HPV Vaccine (“Cervical Cancer Vaccine”)

Two vaccines are available to prevent the human papillomavirus (HPV) types that cause most cervical cancers. These vaccines are the bivalent vaccine (Cervarix) and the quadrivalent vaccine (Gardasil). Both vaccines are given in 3 injections over a 6-month period.

Why is the HPV vaccine important?

Genital HPV is a common virus that is passed from one person to another through direct skin-to-skin contact during sexual activity. Most sexually active people will get HPV at some time in their lives, though most will never even know it. Most HPV types cause no symptoms and go away on their own. But some types can cause cervical cancer in women and other less common cancers— such as cancers of the anus, penis, vagina, vulva and oropharynx (back of throat including base of tongue and tonsils). Other types of HPV can cause warts in the genital areas of men and women, known as genital warts.

Which girls/women should receive HPV vaccination?

HPV vaccination is recommended with either vaccine for 11 and 12 year-old girls. It is also recommended for girls and women age 13 through 26 years of age who have not yet been vaccinated or completed the vaccine series. HPV vaccine can also be given to girls beginning at age 9 years.

Will sexually active females benefit from the vaccine?

Ideally females should get the vaccine before they become sexually active and exposed to HPV. Females who are sexually active may benefit from vaccination, but less so. This is because they may have already been exposed to one or more of the HPV types targeted by the vaccines. However, few sexually active young women are infected with all HPV types prevented by the vaccines, so most young women could still get protection by getting vaccinated.

Can pregnant women get the vaccine?

The vaccines are not recommended for pregnant women. Studies show that HPV vaccines do not cause problems for babies born to women who were vaccinated while pregnant, but more research is still needed. A pregnant woman should not get any doses of either HPV vaccine until her pregnancy is completed.

Getting the HPV vaccine when pregnant is not a reason to consider ending a pregnancy. If a woman realizes that she got one or more shots of an HPV vaccine while pregnant, she should do two things:

  • Wait until after her pregnancy to finish the remaining HPV vaccine doses.
  • Contact her gynecologist or family doctor.

Should girls and women be screened for cervical cancer before getting vaccinated?

Girls and women do not need to get an HPV test or Pap smear to find out if they should get the vaccine. However it is important that women continue to be screened for cervical cancer, even after getting all 3 shots of either HPV vaccine. This is because neither vaccine protects against ALL types of cervical cancer.

How effective are the HPV Vaccines?

The vaccines target the HPV types that most commonly cause cervical cancer. One of the vaccines (Gardasil) also protects against the HPV types that cause most genital warts. Both vaccines are highly effective in preventing the targeted HPV types, as well as the most common health problems caused by them.

How long does vaccine protection last?

Research suggests that vaccine protection is long-lasting. Current studies have followed vaccinated individuals for six years, and show that there is no evidence of weakened protection over time.

What does the vaccine not protect against?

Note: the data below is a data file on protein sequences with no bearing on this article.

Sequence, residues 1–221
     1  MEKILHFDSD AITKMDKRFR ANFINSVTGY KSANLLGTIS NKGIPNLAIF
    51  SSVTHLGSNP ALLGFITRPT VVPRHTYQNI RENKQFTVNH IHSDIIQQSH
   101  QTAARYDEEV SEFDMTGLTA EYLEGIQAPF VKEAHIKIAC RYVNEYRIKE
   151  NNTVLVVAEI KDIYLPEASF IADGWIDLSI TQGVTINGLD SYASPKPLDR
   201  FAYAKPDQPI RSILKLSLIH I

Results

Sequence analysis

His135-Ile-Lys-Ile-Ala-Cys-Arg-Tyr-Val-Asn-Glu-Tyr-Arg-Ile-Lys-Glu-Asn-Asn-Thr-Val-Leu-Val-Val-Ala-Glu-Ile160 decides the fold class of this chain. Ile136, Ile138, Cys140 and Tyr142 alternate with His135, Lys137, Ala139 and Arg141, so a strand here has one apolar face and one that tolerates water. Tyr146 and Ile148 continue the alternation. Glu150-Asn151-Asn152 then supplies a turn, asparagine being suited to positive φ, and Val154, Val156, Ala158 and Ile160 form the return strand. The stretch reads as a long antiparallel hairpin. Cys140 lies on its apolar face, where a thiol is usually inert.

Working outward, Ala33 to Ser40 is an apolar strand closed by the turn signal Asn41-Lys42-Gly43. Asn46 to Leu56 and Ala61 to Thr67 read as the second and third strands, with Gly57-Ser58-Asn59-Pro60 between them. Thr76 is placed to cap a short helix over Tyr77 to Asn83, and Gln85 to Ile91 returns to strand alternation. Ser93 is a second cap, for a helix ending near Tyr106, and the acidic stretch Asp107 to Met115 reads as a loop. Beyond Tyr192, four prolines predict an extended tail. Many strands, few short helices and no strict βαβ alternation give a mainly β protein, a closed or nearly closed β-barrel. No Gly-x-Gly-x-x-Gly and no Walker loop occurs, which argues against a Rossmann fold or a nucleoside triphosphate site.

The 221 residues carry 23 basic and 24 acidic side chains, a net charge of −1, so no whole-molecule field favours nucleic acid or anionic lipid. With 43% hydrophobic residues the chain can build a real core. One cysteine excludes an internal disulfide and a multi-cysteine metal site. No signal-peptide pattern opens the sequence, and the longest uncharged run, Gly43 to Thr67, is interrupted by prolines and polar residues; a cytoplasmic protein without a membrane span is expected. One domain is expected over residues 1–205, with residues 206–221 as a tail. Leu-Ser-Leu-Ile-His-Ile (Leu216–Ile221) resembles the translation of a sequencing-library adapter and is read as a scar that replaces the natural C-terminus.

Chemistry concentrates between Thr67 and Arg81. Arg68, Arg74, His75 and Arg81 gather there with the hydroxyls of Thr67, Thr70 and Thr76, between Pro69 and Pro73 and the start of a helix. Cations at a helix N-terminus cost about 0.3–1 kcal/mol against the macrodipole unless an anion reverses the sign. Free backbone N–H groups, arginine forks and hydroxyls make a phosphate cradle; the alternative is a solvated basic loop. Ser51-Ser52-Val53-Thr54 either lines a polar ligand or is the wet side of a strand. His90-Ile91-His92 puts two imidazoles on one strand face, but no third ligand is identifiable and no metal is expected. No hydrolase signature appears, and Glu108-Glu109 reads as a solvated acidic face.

The vaccines do not protect against all HPV types— so they will not prevent all cases of cervical cancer. About 30% of cervical cancers will not be prevented by the vaccines, so it will be important for women to continue getting screened for cervical cancer (regular Pap smears). Also, the vaccines do not prevent other sexually transmitted infections, so it will still be important for sexually active persons to lower their risk for other STI’s.

Will girls and women be protected against HPV and related diseases, even if they don’t get all 3 doses?

It is not yet known how much protection girls and women get from receiving only one or two doses of an HPV vaccine. So it is very important that girls and women get all 3 doses.

How safe are the HPV vaccines?

Both vaccines were studied in thousands of people around the world, and these studies showed no serious safety concerns. Side effects reported in these studies were mild, including pain where the shot was given, fever, dizziness, and nausea. Vaccine safety continues to be monitored.

What about vaccinating boys and men?

Internationally, Gardasil was found to be safe and effective for males 9 -26 years. Currently Gardasil remains unregistered for use in boys and men in South Africa

Are there other ways to prevent cervical cancer?

Regular cervical cancer screening and follow-up can prevent most cases of cervical cancer. The Pap smear can detect cell changes in the cervix at an early, treatable stage before they turn into cancer. There are HPV tests that can tell if a woman has HPV on her cervix. These tests can be used with the Pap smear to help determine next steps in cervical cancer screening.

Are there other ways to prevent HPV?

For those who are sexually active, regular use of condoms may lower the chances of getting HPV, if used with every sexual act from start to finish. Condoms may also lower the risk of developing HPV-related diseases (genital warts and cervical cancer). But HPV can infect areas that are not covered by a condom—so condoms may not fully protect against HPV.

People can also lower their chances of getting HPV by being in a faithful relationship with one partner, limiting their number of sexual partners and choosing a partner who has had no or few prior sexual partners. However, even people with only one lifetime sexual partner can get HPV, and it may not be possible to determine if a partner who has been sexually active in the past is currently infected.